In the wake of the recent political crisis in North Macedonia, Ioannis Armakolas analyzes the “missed opportunities” for diplomacy in the Balkans.

He stresses inter alia that:

“With the Prespa Agreement, with which, let us not forget, Athens achieved more concessions than in any other negotiating round over the name dispute, North Macedonia’s leadership has shown that it trusts Greece to guide it along the difficult path to accession to the Euro-Atlantic institutions. North Macedonia has shown that it, perhaps along among the Balkan nations, has taken at face value Greece’s declarations about its being a truly European force that could lead the region. Because we Greeks have, of course, since the end of the Cold-War, held a self-deceiving view about our purported leadership role in the Balkans. However, the truth is that, with the exception of a short period of significant initiatives in relation to the Europeanization of the Balkans and the famous EU Summit of 2003 in Thessaloniki, our actual role in the region, as well as the role attributed to us by the Balkan peoples, has never corresponded to our perception of our own importance in regional affairs”.


“With the start of EU accession talks blocked yet again, North Macedonia’s leadership has realized that Greece’s support amounts to little in practice. Any EU member state has the power to block the accession process of candidates, even if they are fully prepared for the next stage. And Greece itself may not have considered the issue of North Macedonia important enough to raise it diplomatically with its close ally, France, and neighbour Bulgaria, the countries primarily responsible for the block.”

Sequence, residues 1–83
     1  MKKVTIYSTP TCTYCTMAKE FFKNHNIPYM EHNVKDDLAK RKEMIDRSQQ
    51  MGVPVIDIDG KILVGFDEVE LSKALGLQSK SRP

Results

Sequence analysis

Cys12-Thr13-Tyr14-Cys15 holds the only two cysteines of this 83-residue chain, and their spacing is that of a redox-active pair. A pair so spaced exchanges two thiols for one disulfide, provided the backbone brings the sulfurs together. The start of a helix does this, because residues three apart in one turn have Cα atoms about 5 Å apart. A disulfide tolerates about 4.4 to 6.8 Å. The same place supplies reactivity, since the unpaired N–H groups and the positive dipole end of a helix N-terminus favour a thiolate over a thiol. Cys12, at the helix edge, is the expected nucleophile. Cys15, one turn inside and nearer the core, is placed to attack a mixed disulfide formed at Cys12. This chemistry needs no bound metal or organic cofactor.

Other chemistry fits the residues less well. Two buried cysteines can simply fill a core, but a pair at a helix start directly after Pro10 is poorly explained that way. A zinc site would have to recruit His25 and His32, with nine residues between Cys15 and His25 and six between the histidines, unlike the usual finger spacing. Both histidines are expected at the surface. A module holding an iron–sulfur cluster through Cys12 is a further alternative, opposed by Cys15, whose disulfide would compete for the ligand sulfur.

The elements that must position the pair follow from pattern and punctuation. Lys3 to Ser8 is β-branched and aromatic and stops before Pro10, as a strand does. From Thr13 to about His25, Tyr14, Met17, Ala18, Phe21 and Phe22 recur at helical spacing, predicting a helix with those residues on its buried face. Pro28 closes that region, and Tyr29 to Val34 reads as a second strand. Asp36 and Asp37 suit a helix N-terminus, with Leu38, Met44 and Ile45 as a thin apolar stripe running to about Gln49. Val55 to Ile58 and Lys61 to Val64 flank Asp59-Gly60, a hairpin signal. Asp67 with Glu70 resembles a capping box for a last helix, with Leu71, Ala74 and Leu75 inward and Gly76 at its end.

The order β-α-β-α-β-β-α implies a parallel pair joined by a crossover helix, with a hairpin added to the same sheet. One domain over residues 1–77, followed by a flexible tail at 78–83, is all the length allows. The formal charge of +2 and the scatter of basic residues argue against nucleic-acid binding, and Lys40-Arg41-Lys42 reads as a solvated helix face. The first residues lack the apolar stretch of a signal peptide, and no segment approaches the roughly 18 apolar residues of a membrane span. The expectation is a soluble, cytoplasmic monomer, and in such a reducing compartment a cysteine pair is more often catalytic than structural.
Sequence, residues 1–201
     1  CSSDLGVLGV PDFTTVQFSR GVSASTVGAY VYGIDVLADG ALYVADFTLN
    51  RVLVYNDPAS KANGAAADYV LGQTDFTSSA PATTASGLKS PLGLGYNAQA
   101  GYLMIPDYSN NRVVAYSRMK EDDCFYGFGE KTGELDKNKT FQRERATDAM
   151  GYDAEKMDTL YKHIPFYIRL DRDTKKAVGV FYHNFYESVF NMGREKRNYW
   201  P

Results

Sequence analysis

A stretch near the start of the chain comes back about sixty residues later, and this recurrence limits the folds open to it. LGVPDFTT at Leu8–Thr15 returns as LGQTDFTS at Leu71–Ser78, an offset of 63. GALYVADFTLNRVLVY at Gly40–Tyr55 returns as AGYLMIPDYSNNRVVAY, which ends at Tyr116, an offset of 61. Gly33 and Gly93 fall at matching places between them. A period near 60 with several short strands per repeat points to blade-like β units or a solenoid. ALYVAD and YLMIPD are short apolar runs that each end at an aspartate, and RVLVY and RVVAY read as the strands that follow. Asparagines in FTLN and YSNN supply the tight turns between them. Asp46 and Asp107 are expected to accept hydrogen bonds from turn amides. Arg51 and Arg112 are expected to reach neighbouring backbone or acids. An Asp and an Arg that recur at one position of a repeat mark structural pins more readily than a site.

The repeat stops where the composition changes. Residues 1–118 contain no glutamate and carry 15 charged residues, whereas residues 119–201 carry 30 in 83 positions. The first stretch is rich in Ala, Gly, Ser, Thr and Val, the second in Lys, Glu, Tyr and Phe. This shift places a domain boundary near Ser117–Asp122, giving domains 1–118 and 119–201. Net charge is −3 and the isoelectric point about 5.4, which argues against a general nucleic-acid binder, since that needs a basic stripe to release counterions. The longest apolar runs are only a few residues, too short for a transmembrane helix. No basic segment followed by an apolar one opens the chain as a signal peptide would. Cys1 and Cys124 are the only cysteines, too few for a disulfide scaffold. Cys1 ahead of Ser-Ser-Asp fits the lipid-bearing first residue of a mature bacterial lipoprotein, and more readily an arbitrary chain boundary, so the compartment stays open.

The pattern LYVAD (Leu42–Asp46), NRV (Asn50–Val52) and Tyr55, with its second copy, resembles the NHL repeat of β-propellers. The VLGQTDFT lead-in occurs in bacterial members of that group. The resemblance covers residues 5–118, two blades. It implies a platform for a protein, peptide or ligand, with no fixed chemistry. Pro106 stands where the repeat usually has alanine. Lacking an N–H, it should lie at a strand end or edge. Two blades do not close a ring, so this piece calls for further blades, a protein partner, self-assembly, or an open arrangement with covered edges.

“For almost three years, Skopje has heard Athens asking over and over again for the agreement to be implemented without deviations. And this while Greece continues to neglect its own obligations, and to pay more heed to the impact of these obligations on domestic public opinion than the message neighbouring nations might take on board from such policies.


“Whatever the outcome of the political crisis in North Macedonia, the misfortunes of the Skopje leadership, which sought to invest politically in friendship with European Greece, will leave a bitter aftertaste for observers of Greek foreign policy. The story of opportunities missed by the Greece leadership in the region will definitely not go unnoticed by the remaining Balkan leaders.”


You can read the article here, in Greek.